Foreign Minister Shah Mehmood Qureshi told the Senate on Wednesday that Pakistan has not agreed to become part of any conflict in the Middle East in exchange for the financial assistance package from Saudi Arabia.
"Pakistan has received an unconditional package [from Saudi Arabia]. No conditions have been imposed," the minister said while responding to concerns expressed by opposition senators.
Examine: What's the Saudi deal?
The confrontation between Iran and Saudi Arabia has reached "unprecedented levels" as the two countries fight for regional dominance in Yemen and Syria, the minister observed, adding that the strain could affect the entire region, including Pakistan.
Considering the importance of the issue, Prime Minister Imran Khan had offered to play a mediatory role to resolve the Yemen conflict, Qureshi told the upper house.
He recalled that former premier Nawaz Sharif too had tried to arbitrate in the Yemen dispute, but had remained unsuccessful.
He informed the house that the Iranian foreign minister had said his country would welcome and "respond positively" Pakistan's role in the Yemen dispute. He said he was also seeing a "slight shift" in Saudi Arabia's position with regard to the war and progress could be made by continuous engagement.
The minister's remarks came as Prime Minister Khan in a meeting with Ambassador of Yemen Mohammed Motahar Alashabi today assured the envoy of Pakistan's "unwavering support in the early resolution of the conflict" in Yemen.
Qureshi said Pakistan's relations with Saudi Arabia had been frosty for a few years and the Pakistan Tehreek-i-Insaf (PTI) government has been successful in rectifying the same.
"We have re-engaged [the Saudis]... and the vacuum has been broken," he said, adding that the PTI government has been able to reach the understanding that the previous two governments could not.
He said the $6 billion package pledged by the Kingdom for Pakistan, including balance-of-payments support and deferred oil payments, has curbed economic uncertainty in the country.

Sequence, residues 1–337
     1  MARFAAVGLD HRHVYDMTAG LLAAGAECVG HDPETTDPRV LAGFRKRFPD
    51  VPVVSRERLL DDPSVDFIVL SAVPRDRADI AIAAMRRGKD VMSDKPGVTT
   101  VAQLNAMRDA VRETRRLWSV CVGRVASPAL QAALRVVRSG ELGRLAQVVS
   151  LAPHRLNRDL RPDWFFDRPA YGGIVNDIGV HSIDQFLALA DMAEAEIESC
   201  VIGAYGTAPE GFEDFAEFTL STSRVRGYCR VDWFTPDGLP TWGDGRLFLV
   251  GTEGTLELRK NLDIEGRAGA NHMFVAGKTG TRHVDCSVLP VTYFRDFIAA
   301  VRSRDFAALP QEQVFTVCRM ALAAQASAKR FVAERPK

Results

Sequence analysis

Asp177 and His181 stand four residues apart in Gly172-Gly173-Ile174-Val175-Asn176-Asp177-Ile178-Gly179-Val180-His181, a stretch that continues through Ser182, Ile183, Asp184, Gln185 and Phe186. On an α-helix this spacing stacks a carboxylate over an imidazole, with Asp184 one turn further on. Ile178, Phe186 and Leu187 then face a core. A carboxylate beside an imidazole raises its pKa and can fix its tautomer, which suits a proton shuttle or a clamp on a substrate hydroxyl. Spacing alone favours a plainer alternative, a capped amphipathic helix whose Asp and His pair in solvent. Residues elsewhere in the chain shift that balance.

Visit to China 'highly beneficial'
The foreign minister said Prime Minister Khan's recent visit to China had been "highly beneficial" for the country, adding that this was the first time the top four Chinese leaders had separately met the Pakistani leadership.
"We have agreed to upgrade strategic dialogue between China and Pakistan to the foreign ministers' level," Qureshi said while highlighting the successes of the visit.
He said China has suggested it wants to help Pakistan because it recognises the country's significance, and that it is ready to rectify the trade imbalance between the two countries by giving Pakistan market access.
China has also agreed to play its role in a "trilateral engagement" to advance the Afghan peace process, he announced. A meeting in this regard will be held in Kabul in December, to be attended by China, Pakistan and Afghanistan.
He assured the Senate that the China-Pakistan Economic Corridor (CPEC) projects that have already been started will reach completion; however, the PTI government has "tried to give [the project] a new direction".
The government's focus in the second phase of the mega project has shifted from infrastructure to livelihoods, human development and a "people-centric approach", the minister revealed. The sectors targeted under this approach would include education, health, skill development, poverty alleviation, agriculture, industrialisation and a fast-track development of Gwadar.
PPP not satisfied with minister's clarification
The opposition remained unconvinced with the foreign minister's assurances regarding Pakistan's role as a mediator in the Saudi-Yemen conflict.
PPP leader Sherry Rehman criticised Qureshi's statement and said that the opposition's apprehensions regarding the matter were not addressed by the government.
"The foreign minister made a long speech in Senate and while it revolved around the prime minister's offer of acting as a mediator between Saudi Arabia and Yemen, he did not answer any of the questions put forth by the opposition," Rehman said.
She added: "Pakistan publicly made this offer and Yemen refused it. How can Pakistan act as a mediator in the conflict when it is taking loans from Saudi Arabia?"
"Saudi Arabia could raise questions on Pakistan's offer of acting a mediator," she said, adding that the details of the loans taken from the Kingdom have also not been shared with the Parliament.